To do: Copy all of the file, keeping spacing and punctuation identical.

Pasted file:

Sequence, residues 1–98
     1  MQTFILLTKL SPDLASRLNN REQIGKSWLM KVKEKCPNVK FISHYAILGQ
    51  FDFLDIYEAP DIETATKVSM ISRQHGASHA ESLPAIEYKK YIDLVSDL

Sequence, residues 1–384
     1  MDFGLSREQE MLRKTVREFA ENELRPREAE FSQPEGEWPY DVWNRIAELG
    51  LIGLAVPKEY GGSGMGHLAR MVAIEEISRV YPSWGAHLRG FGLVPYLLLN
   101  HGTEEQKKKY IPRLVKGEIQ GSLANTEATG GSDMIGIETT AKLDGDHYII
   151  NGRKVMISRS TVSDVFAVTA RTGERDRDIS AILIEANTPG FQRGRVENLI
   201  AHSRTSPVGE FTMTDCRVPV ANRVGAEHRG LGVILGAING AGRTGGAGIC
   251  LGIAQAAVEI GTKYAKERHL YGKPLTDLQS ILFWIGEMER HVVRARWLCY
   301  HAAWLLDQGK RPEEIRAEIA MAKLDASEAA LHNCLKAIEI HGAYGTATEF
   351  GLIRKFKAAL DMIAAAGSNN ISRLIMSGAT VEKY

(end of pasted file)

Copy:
Sequence, residues 1–98
     1  MQTFILLTKL SPDLASRLNN REQIGKSWLM KVKEKCPNVK FISHYAILGQ
    51  FDFLDIYEAP DIETATKVSM ISRQHGASHA ESLPAIEYKK YIDLVSDL

Sequence, residues 1–384
     1  MDFGLSREQE MLRKTVREFA ENELRPREAE FSQPEGEWPY DVWNRIAELG
    51  LIGLAVPKEY GGSGMGHLAR MVAIEEISRV YPSWGAHLRG FGLVPYLLLN
   101  HGTEEQKKKY IPRLVKGEIQ GSLANTEATG GSDMIGIETT AKLDGDHYII
   151  NGRKVMISRS TVSDVFAVTA RTGERDRDIS AILIEANTPG FQRGRVENLI
   201  AHSRTSPVGE FTMTDCRVPV ANRVGAEHRG LGVILGAING AGRTGGAGIC
   251  LGIAQAAVEI GTKYAKERHL YGKPLTDLQS ILFWIGEMER HVVRARWLCY
   301  HAAWLLDQGK RPEEIRAEIA MAKLDASEAA LHNCLKAIEI HGAYGTATEF
   351  GLIRKFKAAL DMIAAAGSNN ISRLIMSGAT VEKY